Most severe phenotype of FMF, consisting of FMF patients, homozygous for the p.M694V mutation. This group serves as a reference for the full blown form of FMF phenotype.

       

The 2 control populations were chosen as they represent both, the classical and the prototype (gold standard) phenotypes of FMF respectively. Placement of the MEFV mutation negative cohort phenotype within the boundaries outlined by the control groups increases the likelihood of its true association with the disease.

Data collection and parameter definition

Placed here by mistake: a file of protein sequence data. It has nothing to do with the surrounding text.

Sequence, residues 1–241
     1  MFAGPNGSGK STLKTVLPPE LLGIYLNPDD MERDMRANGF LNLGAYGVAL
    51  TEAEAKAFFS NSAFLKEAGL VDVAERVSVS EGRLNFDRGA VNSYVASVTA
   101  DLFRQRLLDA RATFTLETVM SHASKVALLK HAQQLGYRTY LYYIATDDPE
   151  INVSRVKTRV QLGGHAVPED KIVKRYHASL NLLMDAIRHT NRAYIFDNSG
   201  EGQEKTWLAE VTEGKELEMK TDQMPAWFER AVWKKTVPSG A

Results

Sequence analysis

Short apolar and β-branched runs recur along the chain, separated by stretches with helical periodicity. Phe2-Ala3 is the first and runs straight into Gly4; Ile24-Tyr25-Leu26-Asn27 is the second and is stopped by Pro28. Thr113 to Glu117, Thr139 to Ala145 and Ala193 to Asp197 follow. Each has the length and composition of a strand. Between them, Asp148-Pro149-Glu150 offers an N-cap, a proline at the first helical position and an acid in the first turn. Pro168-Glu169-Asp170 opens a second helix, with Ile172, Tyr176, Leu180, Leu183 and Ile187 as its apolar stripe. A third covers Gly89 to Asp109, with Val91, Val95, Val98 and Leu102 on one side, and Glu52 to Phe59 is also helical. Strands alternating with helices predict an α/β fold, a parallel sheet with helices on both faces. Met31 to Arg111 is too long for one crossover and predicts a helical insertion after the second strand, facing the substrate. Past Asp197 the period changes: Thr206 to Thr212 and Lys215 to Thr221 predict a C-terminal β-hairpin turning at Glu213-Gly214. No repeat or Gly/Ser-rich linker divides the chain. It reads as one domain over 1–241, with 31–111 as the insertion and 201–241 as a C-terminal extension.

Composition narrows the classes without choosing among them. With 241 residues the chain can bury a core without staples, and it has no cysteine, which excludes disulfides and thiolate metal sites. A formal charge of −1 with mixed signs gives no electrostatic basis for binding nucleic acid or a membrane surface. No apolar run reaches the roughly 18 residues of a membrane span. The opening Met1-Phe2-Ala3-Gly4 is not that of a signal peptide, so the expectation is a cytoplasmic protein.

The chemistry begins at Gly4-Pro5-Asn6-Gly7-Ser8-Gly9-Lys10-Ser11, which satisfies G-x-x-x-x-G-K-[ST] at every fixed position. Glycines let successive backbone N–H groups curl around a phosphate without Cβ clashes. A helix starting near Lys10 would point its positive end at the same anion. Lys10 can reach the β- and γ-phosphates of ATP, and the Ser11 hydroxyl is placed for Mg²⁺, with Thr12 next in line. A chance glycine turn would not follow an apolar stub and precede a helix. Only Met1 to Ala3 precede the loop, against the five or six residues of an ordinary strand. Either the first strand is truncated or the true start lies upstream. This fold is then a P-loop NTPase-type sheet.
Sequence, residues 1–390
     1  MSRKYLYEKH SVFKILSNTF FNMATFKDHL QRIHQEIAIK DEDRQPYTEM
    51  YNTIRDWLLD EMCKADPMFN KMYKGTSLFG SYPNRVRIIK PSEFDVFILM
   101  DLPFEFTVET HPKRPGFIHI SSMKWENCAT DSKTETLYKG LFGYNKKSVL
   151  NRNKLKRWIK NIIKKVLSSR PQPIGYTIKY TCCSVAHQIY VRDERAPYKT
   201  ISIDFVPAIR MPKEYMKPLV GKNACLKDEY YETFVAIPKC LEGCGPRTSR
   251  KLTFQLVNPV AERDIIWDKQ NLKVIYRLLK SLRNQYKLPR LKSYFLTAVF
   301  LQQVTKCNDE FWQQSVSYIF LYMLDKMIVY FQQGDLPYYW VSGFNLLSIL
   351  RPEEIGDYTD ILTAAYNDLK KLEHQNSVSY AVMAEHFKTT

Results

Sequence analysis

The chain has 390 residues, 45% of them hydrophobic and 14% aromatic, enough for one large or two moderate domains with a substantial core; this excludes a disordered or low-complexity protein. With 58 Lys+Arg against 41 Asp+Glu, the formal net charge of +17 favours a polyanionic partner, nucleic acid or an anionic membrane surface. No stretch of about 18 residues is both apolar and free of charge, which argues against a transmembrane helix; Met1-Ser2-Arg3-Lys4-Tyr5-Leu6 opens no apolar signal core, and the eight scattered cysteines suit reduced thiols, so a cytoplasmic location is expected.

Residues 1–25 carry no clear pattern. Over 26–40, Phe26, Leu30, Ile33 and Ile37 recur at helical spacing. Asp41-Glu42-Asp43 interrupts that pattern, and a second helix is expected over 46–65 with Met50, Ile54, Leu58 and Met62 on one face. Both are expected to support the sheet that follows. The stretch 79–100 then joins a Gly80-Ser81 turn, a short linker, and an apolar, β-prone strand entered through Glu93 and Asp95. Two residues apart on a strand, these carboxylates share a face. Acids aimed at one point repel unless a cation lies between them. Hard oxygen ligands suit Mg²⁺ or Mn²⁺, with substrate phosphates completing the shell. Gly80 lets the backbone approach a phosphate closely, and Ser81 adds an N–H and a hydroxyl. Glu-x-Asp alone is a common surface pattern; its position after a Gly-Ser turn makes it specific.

All study and control patients who signed an informed consent, were interviewed and their files were extensively reviewed. Based on these, a questionnaire detailing their clinical and demographic parameters was completed. Attacks of FMF were accounted for only if occurred repeatedly in the same site (>3 episodes) and were typical as described in the FMF criteria [9]. Triggers for attacks were those claimed by patients, based on their own experience, colchicine dose is the last recorded or declared. Intravenous colchicine was defined by administration of 1 mg of colchicine intravenously once weekly for at least 3 months. Proteinuria was defined as more than 300 mg/24 hrs, present at the time of the study or previously and lasting for at least 3 months, amyloidosis was diagnosed only if biopsy proven, chronic renal failure was defined by an elevated creatinine above normal limit (≥1.3 mg/dL) for at least 3 months, chronic arthritis was defined as arthritic episodes defined by a rheumatologist, lasting at least 1 month with or without radiographic changes. Splenomegaly was detected by physical examination or by imaging. Anemia of chronic disease was defined as hemoglobin lower than 11 g/dl (women) or 12 g/dl (men), with no other obvious cause. The Institutional review board of the Sheba Medical Center approved the study and all subjects signed an informed consent, according to the Declaration of Helsinki.